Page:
I would think that the agreement between the two parties in 1996 would be the determining factor in deciding who is to posess the artifacts, since the rule change at the institution occurred after that. I imagine this could  impact the future and may be a deciding factor in private collectors loaning valuable artifacts to institutions, if it turns out badly for the plaintiff. On the other hand, if they were 'looted', that would be a different matter entirely.

- Bart

   The Sch?yen Collection crosses borders and unites cultures, religions and unique materials found nowhere else. The Collection, based in London and Oslo, contains over 13,000 significant manuscripts and other artefacts of major cultural importance and is an important part of the world?s heritage.

   There is no public collection that has the Sch?yen Collection?s unique array of manuscripts from all the greatest manuscript hoards, including the Dead Sea Scrolls, The Cairo Genizah of Hebrew MSS, The Oxyrhynchus hoard of classical papyri, The Dishna Biblical papyri, The Nag Hammadi Gnostic papyri, the Dunhuang hoard of Buddhist MSS, and many others. Nor is there one with such a variety, geographically, linguistically and textually, and of scripts and writing materials, covering so a great span of time ? 5,000 years of history.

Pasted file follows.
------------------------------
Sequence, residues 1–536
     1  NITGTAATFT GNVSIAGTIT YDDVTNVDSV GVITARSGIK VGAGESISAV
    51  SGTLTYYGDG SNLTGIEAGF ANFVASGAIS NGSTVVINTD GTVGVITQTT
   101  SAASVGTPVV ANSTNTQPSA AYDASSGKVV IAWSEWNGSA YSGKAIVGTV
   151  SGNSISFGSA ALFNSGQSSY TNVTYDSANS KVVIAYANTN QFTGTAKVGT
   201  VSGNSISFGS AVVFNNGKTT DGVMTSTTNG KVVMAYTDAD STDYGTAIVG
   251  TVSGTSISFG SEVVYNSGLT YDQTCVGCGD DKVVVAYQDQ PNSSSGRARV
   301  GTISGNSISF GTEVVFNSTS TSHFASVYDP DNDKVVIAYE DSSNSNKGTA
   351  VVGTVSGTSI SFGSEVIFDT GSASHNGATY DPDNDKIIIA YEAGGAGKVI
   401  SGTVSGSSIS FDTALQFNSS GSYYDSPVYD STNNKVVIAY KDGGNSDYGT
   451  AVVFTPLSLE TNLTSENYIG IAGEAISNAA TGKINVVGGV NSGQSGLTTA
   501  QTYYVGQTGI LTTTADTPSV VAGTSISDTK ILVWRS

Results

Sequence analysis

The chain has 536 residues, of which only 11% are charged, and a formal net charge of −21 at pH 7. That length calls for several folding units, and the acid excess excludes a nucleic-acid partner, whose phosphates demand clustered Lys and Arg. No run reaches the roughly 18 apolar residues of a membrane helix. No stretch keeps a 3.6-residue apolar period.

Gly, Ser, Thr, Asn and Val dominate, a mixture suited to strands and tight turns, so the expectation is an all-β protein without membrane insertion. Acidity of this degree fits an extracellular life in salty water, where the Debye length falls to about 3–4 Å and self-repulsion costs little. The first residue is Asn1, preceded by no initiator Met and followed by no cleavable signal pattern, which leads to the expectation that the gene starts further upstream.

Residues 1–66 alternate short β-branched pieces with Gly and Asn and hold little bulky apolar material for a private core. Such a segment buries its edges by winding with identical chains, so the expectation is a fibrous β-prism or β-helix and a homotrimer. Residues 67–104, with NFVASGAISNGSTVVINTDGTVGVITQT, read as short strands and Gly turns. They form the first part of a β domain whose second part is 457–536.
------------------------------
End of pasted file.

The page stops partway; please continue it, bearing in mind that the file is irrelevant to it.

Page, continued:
The Sch?yen Collection, the largest private manuscript collection created in the last 100 years, has been forced to commence legal proceedings against University College London ("UCL") to recover 654 Middle Eastern incantation bowls. These form part of the Sch?yen Collection?s permanent holdings. Access to the bowls was provided to UCL only for research purposes in the mid-1990s.

   In recent months, the Sch?yen Collection has become frustrated with the waste of time and money caused by a lengthy and inconclusive inquiry into their provenance. The Sch?yen Collection had been willing, initially, to collaborate in a programme of verification of the provenance of the incantation bowls. This line of inquiry, which started as long ago as 2004, had been seen by the Collection as part of a much wider process of bringing the British museums sector into line with global best practice.